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There have been flash points involving Connolly against Meath, Westmeath and now Donegal. He's on the referees' radar now as much as he has ever been. And you can be sure Kerry will try and get in his head when they meet. They'd be foolish not too.

Connolly would do well to look at the example of Aidan O'Shea. He gets some savage abuse. And he finds it harder to earn frees too given the size of him. I've said it here before that Mayo needed more from him. They got it last weekend. He took everything that came his way in a brilliant performance against Tyrone. My admiration for him was huge.

Effectively, O'Shea showed the other way of dealing with being targeted. Take everything that comes your way and ask for seconds.

As I say it's been around for a long time. I remember talking to Paul Galvin about it. I saw plenty of the abuse Galvin got while he played. Like Connolly, Galvin brought a certain amount of that on himself, particularly after the Paddy Russell incident.

He used to have awful running battles with Noel O'Leary. It'd be non-stop. The nipping, pulling, grabbing. Paul got that most days he went out. I remember speaking to him about it, asking him how he kept the head. I think he did well to control himself as much as he did. He got better at that as the years wore on.

The only difference now compared to a few years ago is that there is sometimes a more sinister edge to things. Teams are more calculated and targeted about what they are trying to do and who they are trying to stop.

I hate to see lads roaring in other fellas' faces when they win a free or something. Jesus it's cowardly. And it looks bad. I'd show a black card to someone straight away for that.

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There's plenty of verbals going on. Just once I had something personal said to me on the pitch that really got to me - if he had been close enough, I would have broken his jaw - but I've heard stories of lads doing what amounts of background checks on rival players. Looking for the little bit of personal information that might trigger a reaction. That's just not on.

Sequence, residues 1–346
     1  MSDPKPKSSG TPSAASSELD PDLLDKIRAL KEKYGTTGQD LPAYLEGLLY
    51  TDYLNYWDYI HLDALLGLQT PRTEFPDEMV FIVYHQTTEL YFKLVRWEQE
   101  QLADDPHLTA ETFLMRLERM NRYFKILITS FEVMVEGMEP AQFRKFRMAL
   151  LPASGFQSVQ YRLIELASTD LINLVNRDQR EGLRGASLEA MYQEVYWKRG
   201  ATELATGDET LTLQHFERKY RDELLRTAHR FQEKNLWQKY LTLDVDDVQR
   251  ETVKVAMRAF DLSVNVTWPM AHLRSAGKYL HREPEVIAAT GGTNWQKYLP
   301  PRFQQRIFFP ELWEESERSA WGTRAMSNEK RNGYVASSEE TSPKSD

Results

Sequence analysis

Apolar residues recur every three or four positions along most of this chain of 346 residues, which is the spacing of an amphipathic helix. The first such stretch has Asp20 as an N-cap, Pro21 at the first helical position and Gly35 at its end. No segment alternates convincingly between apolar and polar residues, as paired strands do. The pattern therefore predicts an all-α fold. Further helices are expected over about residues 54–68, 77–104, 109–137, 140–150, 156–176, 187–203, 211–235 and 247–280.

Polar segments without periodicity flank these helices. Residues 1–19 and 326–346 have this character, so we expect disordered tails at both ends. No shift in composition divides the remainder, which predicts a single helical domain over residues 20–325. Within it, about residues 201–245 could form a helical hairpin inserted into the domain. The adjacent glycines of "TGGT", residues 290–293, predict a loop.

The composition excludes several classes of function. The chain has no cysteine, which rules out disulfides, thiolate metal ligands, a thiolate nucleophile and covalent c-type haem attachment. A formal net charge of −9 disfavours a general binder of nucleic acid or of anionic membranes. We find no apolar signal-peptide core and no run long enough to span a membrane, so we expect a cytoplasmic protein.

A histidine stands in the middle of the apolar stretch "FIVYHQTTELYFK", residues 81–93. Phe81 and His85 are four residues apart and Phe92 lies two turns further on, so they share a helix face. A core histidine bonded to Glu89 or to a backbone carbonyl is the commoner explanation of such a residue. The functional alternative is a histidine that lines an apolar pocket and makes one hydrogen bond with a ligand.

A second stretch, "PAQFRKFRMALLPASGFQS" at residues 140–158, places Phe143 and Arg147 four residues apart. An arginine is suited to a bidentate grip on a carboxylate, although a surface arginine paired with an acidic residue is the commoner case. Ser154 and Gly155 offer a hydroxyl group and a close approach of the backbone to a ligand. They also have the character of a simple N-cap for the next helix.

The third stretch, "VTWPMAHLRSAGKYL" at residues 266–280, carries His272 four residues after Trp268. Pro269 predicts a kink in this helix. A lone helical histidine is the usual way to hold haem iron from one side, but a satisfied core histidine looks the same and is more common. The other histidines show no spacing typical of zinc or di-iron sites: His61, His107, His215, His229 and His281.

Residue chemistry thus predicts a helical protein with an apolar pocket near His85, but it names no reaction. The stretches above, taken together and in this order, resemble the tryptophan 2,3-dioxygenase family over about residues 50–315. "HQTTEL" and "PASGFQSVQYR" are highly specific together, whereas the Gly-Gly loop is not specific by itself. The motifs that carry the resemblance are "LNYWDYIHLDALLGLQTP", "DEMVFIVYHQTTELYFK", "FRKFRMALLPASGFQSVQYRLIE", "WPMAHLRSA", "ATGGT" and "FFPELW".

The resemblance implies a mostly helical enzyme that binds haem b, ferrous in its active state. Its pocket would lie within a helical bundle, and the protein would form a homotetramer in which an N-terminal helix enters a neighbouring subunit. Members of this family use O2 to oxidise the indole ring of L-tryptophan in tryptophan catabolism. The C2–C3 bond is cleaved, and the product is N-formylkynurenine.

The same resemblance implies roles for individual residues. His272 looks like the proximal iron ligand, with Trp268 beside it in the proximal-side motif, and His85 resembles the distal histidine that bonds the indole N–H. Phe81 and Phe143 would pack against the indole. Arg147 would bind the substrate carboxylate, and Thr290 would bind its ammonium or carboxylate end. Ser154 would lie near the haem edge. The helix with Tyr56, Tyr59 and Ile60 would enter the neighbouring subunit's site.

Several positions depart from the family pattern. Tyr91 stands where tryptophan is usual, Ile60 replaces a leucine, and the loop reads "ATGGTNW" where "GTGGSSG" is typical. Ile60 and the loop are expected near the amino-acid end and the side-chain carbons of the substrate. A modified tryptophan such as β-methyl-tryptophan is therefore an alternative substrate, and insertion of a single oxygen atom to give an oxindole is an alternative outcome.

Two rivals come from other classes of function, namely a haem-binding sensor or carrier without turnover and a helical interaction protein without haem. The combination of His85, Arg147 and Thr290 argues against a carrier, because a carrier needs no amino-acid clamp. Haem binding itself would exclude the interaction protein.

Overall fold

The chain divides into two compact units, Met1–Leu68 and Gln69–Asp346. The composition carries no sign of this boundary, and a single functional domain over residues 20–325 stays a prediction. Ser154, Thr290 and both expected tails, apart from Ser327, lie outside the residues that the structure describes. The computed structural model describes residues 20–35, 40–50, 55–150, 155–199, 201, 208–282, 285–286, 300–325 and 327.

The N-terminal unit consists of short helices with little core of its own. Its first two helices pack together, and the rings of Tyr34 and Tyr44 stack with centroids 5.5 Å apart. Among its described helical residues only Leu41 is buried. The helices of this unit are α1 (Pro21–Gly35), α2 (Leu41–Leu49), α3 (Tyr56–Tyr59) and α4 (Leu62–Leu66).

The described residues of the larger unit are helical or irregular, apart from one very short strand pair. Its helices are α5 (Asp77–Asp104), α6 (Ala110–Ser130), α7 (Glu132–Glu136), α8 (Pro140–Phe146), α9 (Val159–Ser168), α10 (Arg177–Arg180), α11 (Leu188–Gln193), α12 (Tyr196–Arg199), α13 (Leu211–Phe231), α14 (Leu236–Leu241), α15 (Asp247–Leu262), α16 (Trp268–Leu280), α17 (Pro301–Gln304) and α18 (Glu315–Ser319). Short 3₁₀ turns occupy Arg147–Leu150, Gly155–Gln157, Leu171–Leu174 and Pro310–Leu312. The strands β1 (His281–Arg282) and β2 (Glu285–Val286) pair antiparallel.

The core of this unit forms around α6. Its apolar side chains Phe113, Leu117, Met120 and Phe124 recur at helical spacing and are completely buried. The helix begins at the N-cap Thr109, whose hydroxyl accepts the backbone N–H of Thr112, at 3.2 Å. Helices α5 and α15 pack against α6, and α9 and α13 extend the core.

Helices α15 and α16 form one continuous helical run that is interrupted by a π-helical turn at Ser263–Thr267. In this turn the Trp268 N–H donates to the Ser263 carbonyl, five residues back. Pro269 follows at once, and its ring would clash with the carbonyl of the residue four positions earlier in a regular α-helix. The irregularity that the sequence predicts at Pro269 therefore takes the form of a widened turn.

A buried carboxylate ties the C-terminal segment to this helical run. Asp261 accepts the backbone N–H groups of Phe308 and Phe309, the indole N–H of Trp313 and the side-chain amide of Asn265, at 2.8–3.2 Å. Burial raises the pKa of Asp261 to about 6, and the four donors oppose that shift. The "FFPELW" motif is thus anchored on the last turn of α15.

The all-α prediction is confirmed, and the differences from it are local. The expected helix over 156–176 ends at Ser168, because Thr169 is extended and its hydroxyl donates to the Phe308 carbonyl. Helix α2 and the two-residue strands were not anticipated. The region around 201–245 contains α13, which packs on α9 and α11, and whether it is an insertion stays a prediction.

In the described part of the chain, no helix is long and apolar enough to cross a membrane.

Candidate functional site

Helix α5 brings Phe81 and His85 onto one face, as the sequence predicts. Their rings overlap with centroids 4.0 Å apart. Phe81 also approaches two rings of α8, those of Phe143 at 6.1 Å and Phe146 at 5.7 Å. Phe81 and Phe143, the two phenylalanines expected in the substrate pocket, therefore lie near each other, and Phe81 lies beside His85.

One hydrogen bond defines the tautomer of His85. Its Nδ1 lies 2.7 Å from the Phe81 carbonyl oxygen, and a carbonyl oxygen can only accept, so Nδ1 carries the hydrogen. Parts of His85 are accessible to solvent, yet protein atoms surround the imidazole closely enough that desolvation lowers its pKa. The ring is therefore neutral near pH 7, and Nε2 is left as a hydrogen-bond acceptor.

I suppose the reality is that policing all of this is nigh on impossible. The umpires and linesmen could do much, much more, definitely. But it will still be part of the game even if they doubled the amount of the officials.

And if the referees aren't taking care of things on the field, well, players can take charge of it in a way too. We used to have a thing where we'd say 'Well they are not going to send five of us off'. And if we saw something going on that we didn't like, we'd get in among whoever was doling out the punishment.

Everyone would be clever enough to keep their hands down and there'd be a bit of bumping and charging. It would be made known that this would be a two-way street. The message was clear: if you were giving it out you'd better be prepared to take plenty of it back.

Look, keeping the head is easier said than done.

I know myself. In our All-Ireland club final against Caltra, I remember their centre-forward's only interest seemed to be in stopping me getting up the field to join the attack. I moaned to Darragh about it at half-time. And he told me 'I don't give a f**k what he's doing, just get into this game'.

He was right too. Moaning about it like Jim, Sean or Mickey this week will get you nowhere.

And it was a bit hypocritical. Off the top of my head I can remember Michael Murphy getting roughhoused by Tyrone in the championship a couple of years back. And that's not picking on Tyrone, because every team does it to some extent.

I just hope referees don't get swayed by those comments this week and start making a big deal of it. If you don't want this stuff, stick to playing matches on the challenge game circuit. 

Because this is what happens in championship football. And at least some of the time, the law of the jungle will prevail.